- Date: 25 September 2019
- Author: Lauren Spurrier, vice president, ocean conservation
A new UN report warns the world that as climate change heats up the oceans and ice sheets and glaciers melt, one billion people who live in low-lying coastal areas will be at risk rapid sea-level rise. But there is something we can do—spend money on saving mangroves. And it’s a smart investment.
A recent report by the Global Commission on Adaptation calculates mangroves yield $1 trillion in net benefit for climate adaptation, which would be gained by 2030 if we began investing in conservation soon.
Mangroves are natural providers for people
Mangrove trees serve as the interface between land and sea, providing a variety of benefits to both nature and people.
Mangrove forests provide more than $80 billion per year in avoided losses from coastal flooding, and they also protect 18 million people. In addition to other non-market benefits associated with fisheries, forestry, and recreation, the flood protection benefits from mangrove preservation and restoration are worth up to 10 times the costs.
Building natural resilience
Another benefit is that mangroves act as a nature-based solution for disaster risk reduction. There are a number of case studies around the globe showcasing how mangroves can attenuate storm surge, stabilize shorelines from erosion, buffer rising sea levels, and contribute to general flood control. As a model of ‘green’ infrastructure, mangroves can stand alone as a form of defense or be integrated with traditional, or ‘grey’ infrastructure, depending on local context and factors. Regardless, in many cases mangroves are essential for reducing the vulnerability of coastal communities to the impacts of climate change and increasingly intense and frequent extreme weather events.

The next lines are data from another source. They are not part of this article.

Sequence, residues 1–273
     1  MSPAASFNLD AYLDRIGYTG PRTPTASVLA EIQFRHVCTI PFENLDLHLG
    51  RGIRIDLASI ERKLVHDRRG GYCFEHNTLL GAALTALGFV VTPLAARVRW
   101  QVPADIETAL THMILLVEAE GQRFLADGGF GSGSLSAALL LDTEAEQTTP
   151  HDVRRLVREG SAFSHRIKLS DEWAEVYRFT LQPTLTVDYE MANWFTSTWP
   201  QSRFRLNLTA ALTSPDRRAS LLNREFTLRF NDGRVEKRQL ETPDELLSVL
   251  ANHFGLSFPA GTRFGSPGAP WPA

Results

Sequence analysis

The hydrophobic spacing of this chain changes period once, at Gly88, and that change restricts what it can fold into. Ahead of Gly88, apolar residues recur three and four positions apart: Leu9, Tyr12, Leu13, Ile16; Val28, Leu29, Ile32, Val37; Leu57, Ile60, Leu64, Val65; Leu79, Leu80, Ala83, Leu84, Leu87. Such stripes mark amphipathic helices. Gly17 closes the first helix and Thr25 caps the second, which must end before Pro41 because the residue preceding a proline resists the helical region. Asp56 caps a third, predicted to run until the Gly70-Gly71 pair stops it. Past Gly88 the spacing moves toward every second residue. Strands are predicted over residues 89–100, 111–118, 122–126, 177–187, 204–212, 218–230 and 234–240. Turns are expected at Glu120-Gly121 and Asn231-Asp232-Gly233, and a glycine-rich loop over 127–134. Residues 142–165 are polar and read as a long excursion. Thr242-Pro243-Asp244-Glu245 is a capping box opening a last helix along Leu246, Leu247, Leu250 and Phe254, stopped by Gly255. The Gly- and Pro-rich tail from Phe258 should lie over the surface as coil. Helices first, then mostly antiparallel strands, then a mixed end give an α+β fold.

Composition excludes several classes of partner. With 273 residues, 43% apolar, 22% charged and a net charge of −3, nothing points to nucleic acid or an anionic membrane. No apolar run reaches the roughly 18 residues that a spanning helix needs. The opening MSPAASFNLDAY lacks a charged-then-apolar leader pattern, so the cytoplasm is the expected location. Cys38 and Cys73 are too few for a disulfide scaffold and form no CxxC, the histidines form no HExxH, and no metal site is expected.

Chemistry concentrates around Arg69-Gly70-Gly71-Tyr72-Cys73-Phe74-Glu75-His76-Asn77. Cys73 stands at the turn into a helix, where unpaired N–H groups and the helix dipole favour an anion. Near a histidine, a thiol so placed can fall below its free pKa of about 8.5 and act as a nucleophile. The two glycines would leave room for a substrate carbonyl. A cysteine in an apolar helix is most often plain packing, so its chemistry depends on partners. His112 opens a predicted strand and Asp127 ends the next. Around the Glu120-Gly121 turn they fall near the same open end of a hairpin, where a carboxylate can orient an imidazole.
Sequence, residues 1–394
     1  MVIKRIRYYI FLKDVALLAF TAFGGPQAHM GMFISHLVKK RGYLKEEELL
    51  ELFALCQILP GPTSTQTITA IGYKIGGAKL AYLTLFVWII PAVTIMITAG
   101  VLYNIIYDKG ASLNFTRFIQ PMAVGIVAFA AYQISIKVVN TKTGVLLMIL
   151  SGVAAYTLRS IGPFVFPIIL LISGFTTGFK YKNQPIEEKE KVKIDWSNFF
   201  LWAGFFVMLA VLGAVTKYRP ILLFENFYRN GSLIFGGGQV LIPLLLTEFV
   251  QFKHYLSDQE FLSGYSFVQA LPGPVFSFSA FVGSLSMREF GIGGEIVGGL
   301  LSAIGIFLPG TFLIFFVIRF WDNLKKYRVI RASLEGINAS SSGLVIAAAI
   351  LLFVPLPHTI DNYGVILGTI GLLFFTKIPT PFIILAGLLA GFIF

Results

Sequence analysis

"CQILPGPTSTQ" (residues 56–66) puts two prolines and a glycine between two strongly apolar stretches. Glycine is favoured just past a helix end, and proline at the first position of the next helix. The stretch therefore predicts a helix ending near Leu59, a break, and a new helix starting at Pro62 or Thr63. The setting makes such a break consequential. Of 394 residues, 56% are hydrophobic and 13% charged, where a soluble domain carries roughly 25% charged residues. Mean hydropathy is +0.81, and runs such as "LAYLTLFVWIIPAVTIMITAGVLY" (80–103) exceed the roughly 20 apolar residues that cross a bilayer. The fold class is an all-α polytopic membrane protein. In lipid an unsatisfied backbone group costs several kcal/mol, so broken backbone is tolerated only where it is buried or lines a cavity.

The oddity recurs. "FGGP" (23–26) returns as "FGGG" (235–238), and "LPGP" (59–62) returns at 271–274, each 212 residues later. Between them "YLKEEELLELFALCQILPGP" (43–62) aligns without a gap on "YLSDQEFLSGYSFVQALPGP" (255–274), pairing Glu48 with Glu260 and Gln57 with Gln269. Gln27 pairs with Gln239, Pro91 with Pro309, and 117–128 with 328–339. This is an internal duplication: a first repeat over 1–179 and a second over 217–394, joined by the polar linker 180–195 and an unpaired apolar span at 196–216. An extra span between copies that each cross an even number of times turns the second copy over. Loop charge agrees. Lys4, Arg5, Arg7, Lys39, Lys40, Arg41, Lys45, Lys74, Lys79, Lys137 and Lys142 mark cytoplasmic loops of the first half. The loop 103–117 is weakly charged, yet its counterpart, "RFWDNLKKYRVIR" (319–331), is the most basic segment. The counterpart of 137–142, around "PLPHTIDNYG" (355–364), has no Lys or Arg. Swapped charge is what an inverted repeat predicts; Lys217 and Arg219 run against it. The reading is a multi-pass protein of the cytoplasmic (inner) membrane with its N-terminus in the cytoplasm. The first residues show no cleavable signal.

Vulnerability to climate change
It is imperative to invest in mangrove protection now, because while these forests can help mitigate the impacts of climate change, they themselves are vulnerable to its effects.
Mangroves are directly affected by rising sea levels, increasing atmospheric carbon dioxide, warmer air and water temperatures, changing ocean currents, and the increasing variability and intensity of rainfall. How and whether mangroves survive in a future of increasing climatic change will be determined by whether they can migrate inland, where and how mangroves are situated, continued supplies of sediment, and whether migration inland can outpace the rate of sea-level rise.
The implications of the combined impacts of sea-level rise, changing salinity, extreme weather events, economic development, and infrastructure development should be understood to best determine how mangroves might contribute to risk reduction for people in long-term disaster risk reduction planning. At the same time, urgent action must be taken to reduce threats to existing mangroves and to enable mangroves to migrate inland and to new areas as sea levels rise.
Investing in bringing solutions to scale
No one community, government or organization can realize the $1 trillion return of saving mangroves on its own. This is an all-hands-on-deck moment.
WWF has helped found the Global Mangrove Alliance, which aims to increase mangrove coverage 20% by 2030. The Alliance brings together technical experts, civil society organizations, governments, local communities, businesses, funding agencies and foundations to accelerate a comprehensive, coordinated, global approach to mangrove conservation and restoration at a scale that matters.
The tide is turning on how we view our natural resources, especially in the face of a shifting climate, from a source of exploitation or removal to one of need for natural resilience. Mangrove forests could be considered the flagship habitat for this shift in thinking. It’s time to go all-in and put our collective investment in this natural climate solution.